We present a rare case of an intramedullary osteolipoma without any extramedullary connections or coexisting spinal dysraphism. A 48-year-old woman presented with back pain and pain around the lateral aspect of the left thigh. Magnetic resonance imaging (MRI) revealed a heterogeneous hyperintense and hypointense region on T1 and T2-weighted imaging. A cavernous hemangioma was suspected, and the patient was admitted for surgical resection. The histological diagnosis was an intramedullary osteolipoma.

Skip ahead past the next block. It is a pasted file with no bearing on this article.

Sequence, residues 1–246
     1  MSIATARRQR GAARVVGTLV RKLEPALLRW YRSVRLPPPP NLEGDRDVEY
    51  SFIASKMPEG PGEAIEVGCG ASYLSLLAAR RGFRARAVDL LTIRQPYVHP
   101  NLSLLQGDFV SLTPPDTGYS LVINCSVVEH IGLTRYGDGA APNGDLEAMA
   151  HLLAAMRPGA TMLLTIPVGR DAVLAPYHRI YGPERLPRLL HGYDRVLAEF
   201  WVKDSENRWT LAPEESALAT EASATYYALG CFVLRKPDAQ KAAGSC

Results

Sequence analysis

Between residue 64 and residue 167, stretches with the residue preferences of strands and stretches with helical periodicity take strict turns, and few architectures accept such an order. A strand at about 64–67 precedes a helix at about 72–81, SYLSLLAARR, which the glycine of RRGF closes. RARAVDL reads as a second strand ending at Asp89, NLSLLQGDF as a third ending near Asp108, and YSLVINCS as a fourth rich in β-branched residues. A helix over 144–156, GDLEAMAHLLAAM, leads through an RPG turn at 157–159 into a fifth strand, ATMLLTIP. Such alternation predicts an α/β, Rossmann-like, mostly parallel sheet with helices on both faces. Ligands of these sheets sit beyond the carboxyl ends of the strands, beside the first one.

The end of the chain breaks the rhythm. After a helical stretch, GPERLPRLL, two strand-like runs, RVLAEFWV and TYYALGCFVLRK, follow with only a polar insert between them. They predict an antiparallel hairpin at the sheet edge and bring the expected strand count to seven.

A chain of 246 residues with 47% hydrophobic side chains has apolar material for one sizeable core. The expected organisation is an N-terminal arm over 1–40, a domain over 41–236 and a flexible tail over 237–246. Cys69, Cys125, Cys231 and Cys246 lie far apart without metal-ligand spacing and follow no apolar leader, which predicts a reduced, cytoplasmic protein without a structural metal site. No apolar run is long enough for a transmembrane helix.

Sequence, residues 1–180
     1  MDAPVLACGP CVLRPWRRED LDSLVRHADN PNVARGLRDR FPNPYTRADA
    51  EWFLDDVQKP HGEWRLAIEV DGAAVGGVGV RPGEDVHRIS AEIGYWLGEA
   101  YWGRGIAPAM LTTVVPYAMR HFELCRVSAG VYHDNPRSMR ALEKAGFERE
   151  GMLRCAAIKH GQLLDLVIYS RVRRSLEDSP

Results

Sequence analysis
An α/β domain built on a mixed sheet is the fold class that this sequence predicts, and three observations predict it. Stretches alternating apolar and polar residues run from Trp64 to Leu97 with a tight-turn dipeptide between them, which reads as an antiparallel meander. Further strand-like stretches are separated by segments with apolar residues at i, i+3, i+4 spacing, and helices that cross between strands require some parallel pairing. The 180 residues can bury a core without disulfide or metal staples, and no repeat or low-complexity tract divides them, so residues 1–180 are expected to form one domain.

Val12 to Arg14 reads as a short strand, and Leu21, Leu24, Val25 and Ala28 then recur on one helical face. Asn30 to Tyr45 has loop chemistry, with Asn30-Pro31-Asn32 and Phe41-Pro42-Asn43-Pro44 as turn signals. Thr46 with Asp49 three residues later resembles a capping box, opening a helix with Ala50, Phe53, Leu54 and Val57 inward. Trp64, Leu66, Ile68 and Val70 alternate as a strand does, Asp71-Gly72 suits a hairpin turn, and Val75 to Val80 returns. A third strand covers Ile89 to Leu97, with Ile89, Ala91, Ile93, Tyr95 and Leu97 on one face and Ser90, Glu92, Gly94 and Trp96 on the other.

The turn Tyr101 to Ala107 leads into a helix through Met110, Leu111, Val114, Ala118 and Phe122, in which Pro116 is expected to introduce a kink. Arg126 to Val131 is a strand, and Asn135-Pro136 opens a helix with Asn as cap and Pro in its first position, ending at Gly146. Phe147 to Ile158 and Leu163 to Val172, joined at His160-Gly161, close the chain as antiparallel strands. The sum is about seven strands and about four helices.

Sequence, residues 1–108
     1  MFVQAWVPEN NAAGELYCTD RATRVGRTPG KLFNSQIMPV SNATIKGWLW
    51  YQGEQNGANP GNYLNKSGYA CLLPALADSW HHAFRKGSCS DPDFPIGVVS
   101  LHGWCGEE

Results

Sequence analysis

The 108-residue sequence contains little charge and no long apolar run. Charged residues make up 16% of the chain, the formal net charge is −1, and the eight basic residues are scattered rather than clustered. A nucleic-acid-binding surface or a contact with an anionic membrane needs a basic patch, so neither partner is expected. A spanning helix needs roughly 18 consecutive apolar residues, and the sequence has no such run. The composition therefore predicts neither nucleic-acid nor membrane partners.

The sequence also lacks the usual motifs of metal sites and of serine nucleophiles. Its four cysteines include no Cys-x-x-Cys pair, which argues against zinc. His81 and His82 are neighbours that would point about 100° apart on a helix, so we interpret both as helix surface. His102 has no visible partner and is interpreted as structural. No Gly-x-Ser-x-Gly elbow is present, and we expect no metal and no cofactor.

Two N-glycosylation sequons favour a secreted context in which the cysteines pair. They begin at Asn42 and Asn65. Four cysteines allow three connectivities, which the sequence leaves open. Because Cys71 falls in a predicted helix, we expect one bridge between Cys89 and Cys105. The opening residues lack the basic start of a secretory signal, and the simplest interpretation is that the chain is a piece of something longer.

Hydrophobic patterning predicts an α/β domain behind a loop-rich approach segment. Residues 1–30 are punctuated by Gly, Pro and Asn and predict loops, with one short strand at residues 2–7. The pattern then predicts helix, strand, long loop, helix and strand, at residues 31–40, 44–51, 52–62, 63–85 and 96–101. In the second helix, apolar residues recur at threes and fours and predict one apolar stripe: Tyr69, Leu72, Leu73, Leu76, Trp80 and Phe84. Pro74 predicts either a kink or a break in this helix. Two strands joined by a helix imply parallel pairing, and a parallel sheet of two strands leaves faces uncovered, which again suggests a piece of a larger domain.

MRI with fat suppression and computed tomography are recommended for the diagnosis of an intramedullary osteolipoma, but a definitive diagnosis requires histological examination.
1Departments of Orthopedic Surgery (K.K., A.I., K.I., M.M., and M.N.) and Pathology (S.M.), Keio University School of Medicine, Tokyo, Japan
aE-mail address for K. Kojima: email@example.com
bE-mail address for M. Nakamura: firstname.lastname@example.org